OK, maybe a little Lucas North fantasy for the frustrated

Richard Armitage as Lucas North in Spooks 9.1.

So today I went to the audiologist with dad because at first dad had said the hearing aids were working, and then not, and then for about ten days he didn’t have enough motor control in his right hand to get the right one in, and I really don’t know how they work. And I learned (a) you need to wear them about ten hours a day for them to really help that much, i.e., don’t only put them in if you have plans to talk to someone; and (b) they needed to be cleaned / brushed after every wearing, i.e., not only for the first time when they are not working; and (c) the risk for elderly people with uncorrected hearing to develop dementia or Alzheimers is about 30 percent higher, i.e., you shouldn’t let yourself get closed off from the world by using your hearing aids only when it suits you.

So dad’s basically been using this extremely expensive tool incorrectly for five years.

And after that I took him to the eye doctor, who established that his new prescription is correcting his double vision but that he needs to wear it all the time, not just when he is driving, for the full benefit to take place. (He’d told me that since he wasn’t driving now he didn’t need to wear them anymore. So maybe he’s been seeing double for three weeks. FFS)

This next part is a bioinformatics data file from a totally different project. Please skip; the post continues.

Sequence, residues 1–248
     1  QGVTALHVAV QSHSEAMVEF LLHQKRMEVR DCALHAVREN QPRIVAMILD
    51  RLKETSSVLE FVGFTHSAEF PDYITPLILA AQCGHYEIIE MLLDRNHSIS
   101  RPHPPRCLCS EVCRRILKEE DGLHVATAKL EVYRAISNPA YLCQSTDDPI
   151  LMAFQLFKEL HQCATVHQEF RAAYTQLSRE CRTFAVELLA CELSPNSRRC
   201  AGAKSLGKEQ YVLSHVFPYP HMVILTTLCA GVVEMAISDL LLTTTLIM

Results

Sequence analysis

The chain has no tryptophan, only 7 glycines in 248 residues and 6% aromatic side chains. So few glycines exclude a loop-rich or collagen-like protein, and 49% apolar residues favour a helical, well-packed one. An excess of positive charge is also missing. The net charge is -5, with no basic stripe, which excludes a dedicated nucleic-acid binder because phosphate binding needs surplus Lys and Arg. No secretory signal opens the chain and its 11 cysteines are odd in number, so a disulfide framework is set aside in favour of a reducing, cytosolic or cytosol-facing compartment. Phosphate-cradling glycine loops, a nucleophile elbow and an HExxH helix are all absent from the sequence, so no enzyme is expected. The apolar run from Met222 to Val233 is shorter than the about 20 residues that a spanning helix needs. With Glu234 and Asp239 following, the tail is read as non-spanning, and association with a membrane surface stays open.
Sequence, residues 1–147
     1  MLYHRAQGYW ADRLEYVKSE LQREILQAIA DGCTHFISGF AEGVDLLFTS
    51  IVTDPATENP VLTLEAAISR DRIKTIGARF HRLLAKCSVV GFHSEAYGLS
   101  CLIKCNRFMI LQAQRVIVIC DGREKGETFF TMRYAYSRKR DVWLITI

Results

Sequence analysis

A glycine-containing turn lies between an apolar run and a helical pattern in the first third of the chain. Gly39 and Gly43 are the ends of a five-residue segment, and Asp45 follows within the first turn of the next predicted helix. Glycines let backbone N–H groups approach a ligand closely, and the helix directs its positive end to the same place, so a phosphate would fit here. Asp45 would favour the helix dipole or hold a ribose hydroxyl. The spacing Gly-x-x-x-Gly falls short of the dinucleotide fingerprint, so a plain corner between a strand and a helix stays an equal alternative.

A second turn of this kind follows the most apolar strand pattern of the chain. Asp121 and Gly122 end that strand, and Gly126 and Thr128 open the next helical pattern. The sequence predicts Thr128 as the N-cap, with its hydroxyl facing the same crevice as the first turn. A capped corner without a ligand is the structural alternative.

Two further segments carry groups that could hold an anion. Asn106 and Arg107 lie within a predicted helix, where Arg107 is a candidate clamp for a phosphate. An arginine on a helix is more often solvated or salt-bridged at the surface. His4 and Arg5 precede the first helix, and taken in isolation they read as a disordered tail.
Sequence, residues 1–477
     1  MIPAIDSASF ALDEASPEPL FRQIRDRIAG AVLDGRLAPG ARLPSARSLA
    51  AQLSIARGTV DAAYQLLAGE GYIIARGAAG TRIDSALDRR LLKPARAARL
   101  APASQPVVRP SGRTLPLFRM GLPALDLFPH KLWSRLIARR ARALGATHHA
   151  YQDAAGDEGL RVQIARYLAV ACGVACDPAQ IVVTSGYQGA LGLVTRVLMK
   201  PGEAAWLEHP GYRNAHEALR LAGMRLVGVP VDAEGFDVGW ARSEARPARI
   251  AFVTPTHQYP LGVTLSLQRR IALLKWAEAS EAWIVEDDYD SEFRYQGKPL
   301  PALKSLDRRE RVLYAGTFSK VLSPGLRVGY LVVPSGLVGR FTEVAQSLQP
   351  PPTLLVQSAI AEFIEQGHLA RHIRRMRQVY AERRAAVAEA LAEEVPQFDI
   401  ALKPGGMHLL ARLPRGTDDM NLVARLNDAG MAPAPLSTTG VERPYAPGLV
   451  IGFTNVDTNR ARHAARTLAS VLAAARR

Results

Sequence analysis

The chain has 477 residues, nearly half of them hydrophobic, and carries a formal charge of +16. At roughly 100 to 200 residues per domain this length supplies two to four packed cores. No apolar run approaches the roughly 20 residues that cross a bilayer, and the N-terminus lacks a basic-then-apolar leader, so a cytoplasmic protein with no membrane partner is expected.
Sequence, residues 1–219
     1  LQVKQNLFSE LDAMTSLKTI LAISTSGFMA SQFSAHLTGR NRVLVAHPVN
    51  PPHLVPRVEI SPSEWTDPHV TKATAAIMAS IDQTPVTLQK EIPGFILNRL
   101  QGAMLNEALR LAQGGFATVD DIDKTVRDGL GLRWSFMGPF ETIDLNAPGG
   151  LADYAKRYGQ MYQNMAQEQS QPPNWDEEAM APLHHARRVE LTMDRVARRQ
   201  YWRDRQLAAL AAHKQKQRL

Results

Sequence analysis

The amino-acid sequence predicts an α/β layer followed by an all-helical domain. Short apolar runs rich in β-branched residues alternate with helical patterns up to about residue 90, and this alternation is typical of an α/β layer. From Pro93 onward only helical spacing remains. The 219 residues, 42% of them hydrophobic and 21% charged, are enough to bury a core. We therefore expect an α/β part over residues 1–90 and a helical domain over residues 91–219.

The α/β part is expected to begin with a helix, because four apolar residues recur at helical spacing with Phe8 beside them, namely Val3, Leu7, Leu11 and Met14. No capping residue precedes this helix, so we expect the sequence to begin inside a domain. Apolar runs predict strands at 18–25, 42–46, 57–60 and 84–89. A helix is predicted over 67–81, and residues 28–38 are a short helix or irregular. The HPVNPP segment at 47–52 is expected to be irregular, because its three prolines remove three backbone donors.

And then there was the whole thing with his blood draw — his INR is wrong, wrong, wrong even though I have followed his instructions and not fed him any green vegetables in a month.

Tomorrow we have PT, in which it will be established that he still won’t, or can’t, use the walker correctly, and then OT, in which it will be established that he cheats on the exercises at every opportunity.

On the plus side: tomorrow our analog sound meter arrives so perhaps that tool (in conjunction with hearing aids that are now working correctly, or so I am told) will assist him in the effective completion of a therapy that he doesn’t believe he needs.